Make people feel important, genuinely. Notice their achievements, their unique qualities or characteristics. For example, instead of saying well done, say you do that well or even better say you did the report on time and with great attention to detail. Praise behaviours and qualities, not the person or their identity. Do it often, 4-5 positive pieces of feedback for every one negative.
Listen. Listen. Listen. Listen to understand rather than respond. Listen for what’s said and what’s not said. Sense mood and feelings. The term active listening is often used to refer to listening in an engaged manner. Look at the person who is talking (on videos this means looking at the camera lens, not the person’s face on the screen), lean forward, nod your head when you agree, don’t interrupt, take notes. This is also another way of making people feel important.
Ask questions. Be curious. Ask questions to understand things from the other person’s perspective. Stop yourself from making assumptions by asking questions. Ask open questions which require more than a yes/no answer. The best open questions start with WHAT and HOW. Avoid WHY as that has people justify what they said or did.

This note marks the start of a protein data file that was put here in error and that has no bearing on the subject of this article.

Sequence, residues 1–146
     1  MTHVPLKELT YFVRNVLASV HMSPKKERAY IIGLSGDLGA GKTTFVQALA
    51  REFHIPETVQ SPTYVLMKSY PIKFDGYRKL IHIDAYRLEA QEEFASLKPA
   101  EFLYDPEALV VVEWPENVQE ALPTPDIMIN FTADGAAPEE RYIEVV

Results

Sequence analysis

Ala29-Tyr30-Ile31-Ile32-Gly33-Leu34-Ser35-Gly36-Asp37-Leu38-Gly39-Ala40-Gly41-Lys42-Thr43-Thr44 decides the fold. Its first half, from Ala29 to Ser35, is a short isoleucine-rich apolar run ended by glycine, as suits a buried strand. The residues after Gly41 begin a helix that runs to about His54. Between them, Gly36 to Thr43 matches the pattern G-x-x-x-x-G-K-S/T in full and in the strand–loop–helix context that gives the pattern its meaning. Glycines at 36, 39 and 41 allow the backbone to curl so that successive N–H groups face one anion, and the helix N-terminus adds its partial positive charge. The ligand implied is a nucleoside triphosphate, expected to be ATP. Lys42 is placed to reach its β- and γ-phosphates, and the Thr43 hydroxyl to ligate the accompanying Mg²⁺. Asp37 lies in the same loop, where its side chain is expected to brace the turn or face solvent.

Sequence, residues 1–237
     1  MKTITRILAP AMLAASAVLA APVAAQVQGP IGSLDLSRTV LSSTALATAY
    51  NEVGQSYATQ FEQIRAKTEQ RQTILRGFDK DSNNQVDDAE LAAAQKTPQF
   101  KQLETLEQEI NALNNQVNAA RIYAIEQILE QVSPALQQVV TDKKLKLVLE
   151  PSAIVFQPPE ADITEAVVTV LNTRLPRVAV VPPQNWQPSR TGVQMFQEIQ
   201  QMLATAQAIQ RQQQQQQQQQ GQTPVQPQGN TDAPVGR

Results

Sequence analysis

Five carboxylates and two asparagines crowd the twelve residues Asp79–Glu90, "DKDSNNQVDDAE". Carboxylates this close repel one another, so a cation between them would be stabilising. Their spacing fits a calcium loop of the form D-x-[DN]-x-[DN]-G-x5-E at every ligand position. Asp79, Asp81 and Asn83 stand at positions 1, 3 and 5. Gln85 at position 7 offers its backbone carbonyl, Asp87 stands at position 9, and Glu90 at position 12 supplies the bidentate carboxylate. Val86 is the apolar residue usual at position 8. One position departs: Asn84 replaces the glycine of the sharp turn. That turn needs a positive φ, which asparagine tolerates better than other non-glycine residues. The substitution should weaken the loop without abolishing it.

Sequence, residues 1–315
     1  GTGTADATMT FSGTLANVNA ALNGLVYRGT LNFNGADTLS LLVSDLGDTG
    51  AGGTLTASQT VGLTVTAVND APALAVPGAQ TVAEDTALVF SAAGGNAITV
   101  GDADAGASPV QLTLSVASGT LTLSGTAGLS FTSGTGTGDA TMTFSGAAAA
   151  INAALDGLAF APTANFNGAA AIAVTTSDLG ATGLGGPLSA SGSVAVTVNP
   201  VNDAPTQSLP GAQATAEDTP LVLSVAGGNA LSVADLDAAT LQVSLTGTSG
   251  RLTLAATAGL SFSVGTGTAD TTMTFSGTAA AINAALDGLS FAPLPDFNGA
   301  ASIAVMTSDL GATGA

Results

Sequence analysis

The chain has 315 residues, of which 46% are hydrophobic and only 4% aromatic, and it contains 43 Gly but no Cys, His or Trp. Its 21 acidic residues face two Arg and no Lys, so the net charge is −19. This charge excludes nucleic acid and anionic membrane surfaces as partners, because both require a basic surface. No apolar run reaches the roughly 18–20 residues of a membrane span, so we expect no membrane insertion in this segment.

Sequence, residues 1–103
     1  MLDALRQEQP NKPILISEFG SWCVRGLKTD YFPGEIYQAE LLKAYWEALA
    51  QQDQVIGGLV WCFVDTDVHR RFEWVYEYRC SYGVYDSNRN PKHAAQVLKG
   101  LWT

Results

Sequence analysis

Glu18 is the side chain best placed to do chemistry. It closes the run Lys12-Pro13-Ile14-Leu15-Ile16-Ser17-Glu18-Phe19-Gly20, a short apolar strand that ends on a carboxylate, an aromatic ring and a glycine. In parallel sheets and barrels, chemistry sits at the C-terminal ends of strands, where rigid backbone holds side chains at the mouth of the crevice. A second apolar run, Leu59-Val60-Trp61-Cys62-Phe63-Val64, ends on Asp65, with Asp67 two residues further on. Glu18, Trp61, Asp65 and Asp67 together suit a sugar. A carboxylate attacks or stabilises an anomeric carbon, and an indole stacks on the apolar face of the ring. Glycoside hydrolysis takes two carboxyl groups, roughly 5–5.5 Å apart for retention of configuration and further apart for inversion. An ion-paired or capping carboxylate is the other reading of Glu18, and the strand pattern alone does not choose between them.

Find out their motivations and needs. This can be done by listening to what they talk about, by watching what they do and how they do it or by asking (which is the fastest). Common motivators at work are: money, power, autonomy, creativity, avoiding stress or risk, structure, group identification, not working alone, recognition or personal growth. Most people have a combination of some of these.
“Yes, and”. This is a comedy improvisation technique to find something in what the other person said that you can agree with and then name that and build on it. Even if you don’t agree with anything they say find something you can align with like their intention. For example, you can agree with someone who supports an opposing political party to you by aligning on the fact they want the best for the country.